Learning to Swim in the Deep End of a new Industry

Some people in PR industry will try and tell you it’s impossible to switch industries once you’ve started, that there’s no way you could go from pushing fashion brands to pushing out the latest technology. Personally, I don’t think this is true.

PR is built on fundamental building blocks. For example, skills like writing, research, event organisation and media relations are all keys to success regardless of whether you are promoting lip sticks or USB sticks. All you need to learn are the intricacies of your new industry.

When I got into the FinTech industry I came with very little prior experience. I had worked with technology before but the closest I got to anything finance related was Cryptocurrency and even that was only a brief campaign. So, I needed to learn what made this industry tick, and I needed to do it fast. The PR world is constantly moving and unless this is your very first rodeo you’ll be expected to keep up.

I spent my first day, and the build-up to my new role, reading through as many whitepapers and news stories as possible. However, I didn’t feel like this was as efficient an approach as it could have been. It was all theory and no practice. Instead, I thought back to the swimming lessons I had as a child and decided that the best way to learn was to jump into the deep end of FinTech.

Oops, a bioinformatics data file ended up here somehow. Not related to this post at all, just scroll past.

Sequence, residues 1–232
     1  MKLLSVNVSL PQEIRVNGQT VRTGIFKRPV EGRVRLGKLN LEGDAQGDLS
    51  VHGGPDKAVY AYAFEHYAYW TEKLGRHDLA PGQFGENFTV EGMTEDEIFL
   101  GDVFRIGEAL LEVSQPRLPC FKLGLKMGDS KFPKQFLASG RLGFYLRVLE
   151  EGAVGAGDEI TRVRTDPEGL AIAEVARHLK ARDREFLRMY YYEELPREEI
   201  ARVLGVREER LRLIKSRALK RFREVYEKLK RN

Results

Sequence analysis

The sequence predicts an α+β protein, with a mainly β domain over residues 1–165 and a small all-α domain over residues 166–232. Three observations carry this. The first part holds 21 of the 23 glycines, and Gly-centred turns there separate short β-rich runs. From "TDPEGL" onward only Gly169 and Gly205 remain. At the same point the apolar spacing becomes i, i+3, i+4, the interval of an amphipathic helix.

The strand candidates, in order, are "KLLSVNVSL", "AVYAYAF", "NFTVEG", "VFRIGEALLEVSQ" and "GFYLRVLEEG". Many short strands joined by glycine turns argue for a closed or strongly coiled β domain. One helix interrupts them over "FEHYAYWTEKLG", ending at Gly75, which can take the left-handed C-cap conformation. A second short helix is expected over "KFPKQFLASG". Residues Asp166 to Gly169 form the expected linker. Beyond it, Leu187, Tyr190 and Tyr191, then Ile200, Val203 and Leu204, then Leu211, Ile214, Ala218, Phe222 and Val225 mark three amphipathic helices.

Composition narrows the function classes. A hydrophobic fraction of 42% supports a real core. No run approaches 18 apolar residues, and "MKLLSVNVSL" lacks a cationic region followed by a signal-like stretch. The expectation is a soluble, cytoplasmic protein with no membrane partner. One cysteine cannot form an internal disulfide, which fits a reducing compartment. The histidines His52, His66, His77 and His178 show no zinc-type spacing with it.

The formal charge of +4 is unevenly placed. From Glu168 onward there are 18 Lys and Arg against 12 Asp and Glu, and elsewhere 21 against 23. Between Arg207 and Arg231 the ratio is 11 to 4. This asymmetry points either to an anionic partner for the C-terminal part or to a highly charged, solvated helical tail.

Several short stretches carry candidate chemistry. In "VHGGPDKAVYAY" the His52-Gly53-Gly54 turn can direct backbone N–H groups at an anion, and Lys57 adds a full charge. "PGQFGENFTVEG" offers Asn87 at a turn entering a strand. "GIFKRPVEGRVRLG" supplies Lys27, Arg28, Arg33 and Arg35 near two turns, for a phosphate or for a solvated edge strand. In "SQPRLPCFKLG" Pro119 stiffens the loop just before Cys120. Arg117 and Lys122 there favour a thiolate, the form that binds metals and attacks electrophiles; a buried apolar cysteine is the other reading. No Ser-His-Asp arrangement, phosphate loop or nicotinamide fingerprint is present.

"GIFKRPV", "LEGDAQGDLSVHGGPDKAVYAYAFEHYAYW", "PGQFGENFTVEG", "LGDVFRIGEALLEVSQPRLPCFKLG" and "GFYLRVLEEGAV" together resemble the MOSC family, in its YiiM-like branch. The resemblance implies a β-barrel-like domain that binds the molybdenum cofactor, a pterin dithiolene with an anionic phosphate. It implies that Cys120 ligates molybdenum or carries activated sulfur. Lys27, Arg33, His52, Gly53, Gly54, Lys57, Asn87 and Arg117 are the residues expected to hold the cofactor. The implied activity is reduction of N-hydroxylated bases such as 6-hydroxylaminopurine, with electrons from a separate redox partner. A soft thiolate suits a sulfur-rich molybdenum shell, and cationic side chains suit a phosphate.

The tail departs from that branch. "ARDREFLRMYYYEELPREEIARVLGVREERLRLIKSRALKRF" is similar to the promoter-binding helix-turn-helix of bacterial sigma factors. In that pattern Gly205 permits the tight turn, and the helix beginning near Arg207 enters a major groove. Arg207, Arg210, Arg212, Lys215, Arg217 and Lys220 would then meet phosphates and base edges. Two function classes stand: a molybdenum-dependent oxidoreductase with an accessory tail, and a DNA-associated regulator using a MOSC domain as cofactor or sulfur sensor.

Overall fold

As a result, I put myself in situations where I was surrounded by the industry and my clients. Instead of just reading datasheets from my clients I spoke with them directly, face-to-face if possible, and tasked myself with coming out of these meetings able to explain something new to my colleagues. In my first week I got on the phone to speak with the media about what they were looking for from me, while also pitching out my new clients for opportunities. I did all this not only as part of the job but to further my own development and force myself into a new area.

I won’t deny I was nervous at times, and worried I would say something that showed my inexperience, but ultimately it paid off. When I got to meet clients, I came out knowing significantly more about their products, messaging and values than with those I had only read up on. In terms of the industry, I got a better understanding of what was being looked for from my outreach than I would have reading hundreds of news stories.

All this to say, it’s ok to be nervous when entering a new industry in PR. However, the best solution is to just go for it. Challenge yourself and shoot above what you think you are capable of – this is the fast track to developing your knowledge and skills. Jump into the deep end of the pool and make sure you learn to swim instead of sink.

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